However, studies published in the past few years have probably made many people wonder if they should stop taking the pills. First, some studies have linked calcium pills to increased risk of heart disease. And in 2012, the influential U.S. Preventive Services Task Force dropped a bombshell when its draft recommendations concluded that standard doses of supplemental calcium and vitamin D don’t prevent fractures in postmenopausal women. (source)
These studies do not come without criticism. For the particular study cited above, Dr. Deepak Bhatt, a cardiologist at Harvard Brigham and Women’s hospital stated,
The study did not provide iron-clad evidence of a connection between calcium supplements and heart attack. Although it’s not the first report suggesting this connection, no study has definitely proven that excessive calcium intake contributes to plaque formation and heart disease (source)
Harvard says calcium supplements are still safe to take, and it’s important to keep in mind that many other studies have not found a link between calcium pills and coronary risk, but some have.
It’s no secret that calcium is needed for many bodily functions, and getting adequate amounts of calcium during childhood is very important for bone health (though it’s important to mention that many studies have shown that calcium is not as important for bone health as we believe).
For example, a study conducted by researchers at Uppsala University in Sweden found that drinking milk actually led to an increased mortality rate and made bones more prone to fracturing — not less. (source)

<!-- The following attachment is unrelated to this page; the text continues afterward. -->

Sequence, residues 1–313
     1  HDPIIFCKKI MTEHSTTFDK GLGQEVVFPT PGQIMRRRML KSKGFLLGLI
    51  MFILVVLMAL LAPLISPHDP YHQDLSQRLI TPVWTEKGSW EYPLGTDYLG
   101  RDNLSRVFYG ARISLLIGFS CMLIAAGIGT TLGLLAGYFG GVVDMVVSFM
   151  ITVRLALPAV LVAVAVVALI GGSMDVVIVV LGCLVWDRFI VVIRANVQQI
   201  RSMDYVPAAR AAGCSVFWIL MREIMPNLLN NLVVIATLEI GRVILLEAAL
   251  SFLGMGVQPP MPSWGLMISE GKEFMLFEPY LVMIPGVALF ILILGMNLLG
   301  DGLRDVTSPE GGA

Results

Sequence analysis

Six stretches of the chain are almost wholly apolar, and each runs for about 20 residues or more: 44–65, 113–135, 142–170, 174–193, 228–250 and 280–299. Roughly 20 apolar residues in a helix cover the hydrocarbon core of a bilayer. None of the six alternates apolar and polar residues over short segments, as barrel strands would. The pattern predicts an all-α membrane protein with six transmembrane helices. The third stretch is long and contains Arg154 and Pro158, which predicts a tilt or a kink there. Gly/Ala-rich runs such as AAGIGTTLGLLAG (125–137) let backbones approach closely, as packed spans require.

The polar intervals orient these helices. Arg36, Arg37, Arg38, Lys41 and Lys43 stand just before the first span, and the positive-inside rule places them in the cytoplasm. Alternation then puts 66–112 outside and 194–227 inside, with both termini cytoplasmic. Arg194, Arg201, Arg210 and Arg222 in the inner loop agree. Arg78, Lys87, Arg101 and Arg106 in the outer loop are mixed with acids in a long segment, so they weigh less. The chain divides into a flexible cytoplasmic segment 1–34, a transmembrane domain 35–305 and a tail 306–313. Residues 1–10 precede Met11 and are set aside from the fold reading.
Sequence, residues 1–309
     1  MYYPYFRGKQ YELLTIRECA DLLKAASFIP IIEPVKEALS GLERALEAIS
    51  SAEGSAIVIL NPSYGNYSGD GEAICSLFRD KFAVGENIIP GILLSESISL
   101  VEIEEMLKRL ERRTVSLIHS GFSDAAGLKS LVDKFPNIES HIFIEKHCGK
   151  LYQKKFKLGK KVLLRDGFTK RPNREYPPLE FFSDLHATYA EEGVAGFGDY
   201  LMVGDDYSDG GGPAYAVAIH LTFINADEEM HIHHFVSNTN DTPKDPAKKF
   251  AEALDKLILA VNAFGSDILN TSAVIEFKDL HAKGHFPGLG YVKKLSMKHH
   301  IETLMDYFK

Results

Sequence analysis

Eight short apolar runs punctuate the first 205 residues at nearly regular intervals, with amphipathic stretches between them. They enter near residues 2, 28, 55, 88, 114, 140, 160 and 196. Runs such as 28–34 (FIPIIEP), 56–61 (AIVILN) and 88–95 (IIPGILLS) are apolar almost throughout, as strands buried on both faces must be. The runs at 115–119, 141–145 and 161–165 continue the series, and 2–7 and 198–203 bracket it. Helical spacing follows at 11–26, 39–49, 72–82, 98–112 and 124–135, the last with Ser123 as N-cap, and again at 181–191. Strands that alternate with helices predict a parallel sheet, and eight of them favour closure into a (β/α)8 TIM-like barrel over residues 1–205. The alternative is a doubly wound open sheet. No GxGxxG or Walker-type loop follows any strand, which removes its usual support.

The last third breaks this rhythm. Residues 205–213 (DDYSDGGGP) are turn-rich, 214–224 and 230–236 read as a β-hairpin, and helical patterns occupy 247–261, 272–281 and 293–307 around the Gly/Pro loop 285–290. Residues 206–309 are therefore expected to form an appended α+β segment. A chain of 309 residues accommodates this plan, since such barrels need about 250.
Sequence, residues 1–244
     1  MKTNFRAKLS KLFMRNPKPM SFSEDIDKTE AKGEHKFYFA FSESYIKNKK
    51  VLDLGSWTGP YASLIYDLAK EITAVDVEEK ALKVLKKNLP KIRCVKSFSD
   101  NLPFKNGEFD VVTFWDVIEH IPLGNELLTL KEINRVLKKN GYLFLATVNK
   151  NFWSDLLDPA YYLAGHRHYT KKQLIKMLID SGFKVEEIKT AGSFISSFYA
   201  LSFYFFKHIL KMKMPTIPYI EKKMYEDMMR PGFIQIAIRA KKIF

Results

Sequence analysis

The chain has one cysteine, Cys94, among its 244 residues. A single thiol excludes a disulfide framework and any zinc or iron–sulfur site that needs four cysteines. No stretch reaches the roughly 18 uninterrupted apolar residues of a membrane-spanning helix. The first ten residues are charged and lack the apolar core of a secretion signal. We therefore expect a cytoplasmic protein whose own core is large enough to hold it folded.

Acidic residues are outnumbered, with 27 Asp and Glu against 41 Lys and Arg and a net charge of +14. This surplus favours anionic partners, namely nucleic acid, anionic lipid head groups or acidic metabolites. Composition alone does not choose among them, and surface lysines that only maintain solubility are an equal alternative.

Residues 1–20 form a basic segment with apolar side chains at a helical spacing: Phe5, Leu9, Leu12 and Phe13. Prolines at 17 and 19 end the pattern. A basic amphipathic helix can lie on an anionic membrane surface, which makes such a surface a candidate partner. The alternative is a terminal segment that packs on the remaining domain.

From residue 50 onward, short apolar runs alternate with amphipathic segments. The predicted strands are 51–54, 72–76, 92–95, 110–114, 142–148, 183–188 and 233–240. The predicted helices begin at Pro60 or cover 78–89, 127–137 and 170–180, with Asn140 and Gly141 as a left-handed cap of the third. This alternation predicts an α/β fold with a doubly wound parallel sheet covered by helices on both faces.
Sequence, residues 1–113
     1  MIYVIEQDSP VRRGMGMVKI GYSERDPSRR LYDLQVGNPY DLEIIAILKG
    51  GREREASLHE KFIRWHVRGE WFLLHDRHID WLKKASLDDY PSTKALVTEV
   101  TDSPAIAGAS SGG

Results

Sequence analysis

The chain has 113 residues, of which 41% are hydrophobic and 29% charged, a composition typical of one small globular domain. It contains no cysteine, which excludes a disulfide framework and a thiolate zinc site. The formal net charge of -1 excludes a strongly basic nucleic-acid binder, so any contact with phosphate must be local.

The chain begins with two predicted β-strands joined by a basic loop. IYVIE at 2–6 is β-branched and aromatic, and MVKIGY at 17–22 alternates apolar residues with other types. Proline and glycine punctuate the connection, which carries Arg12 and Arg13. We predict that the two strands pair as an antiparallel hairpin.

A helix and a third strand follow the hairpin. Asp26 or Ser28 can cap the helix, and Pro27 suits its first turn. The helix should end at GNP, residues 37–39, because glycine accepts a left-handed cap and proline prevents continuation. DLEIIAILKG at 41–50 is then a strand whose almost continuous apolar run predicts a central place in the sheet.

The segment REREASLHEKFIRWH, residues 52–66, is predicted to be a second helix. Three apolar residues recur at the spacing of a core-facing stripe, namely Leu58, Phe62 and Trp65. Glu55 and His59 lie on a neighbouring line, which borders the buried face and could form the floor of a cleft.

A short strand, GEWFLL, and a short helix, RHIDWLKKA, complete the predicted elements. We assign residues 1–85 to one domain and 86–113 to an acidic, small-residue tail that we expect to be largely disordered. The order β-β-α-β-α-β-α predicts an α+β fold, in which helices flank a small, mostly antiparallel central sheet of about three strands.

And a study published in the American Journal of Public Health showed that dairy consumption might actually increase the risk of fractures by 50 percent. (source)
In a paper published in the Journal of the American Medical Association Pediatrics, Harvard pediatrician David Ludwig emphasizes that bone fracture rates tend to be lower in countries that do not consume milk compared to those that do, also noting that there are many other sources of calcium. (source)
Sayer Ji had this to say about why we shouldn’t really be surprised by the dangers of calcium supplements:
People really should not be so surprised at the idea that calcium supplementation may be toxic to cardiovascular health. After all, many subject themselves to coronary and cardiac calcium scans in order to ascertain their risk of cardiovascular events and/or cardiac mortality. This is because we know that calcium of the wrong kind in the wrong place can result in serious adverse health effects. There are, in fact, quite a few in the field of nutrition who have long warned against supplementation with elemental calcium; which is to say, calcium from limestone, oyster shell, egg shell and bone meal (hydroxylapatite). (source)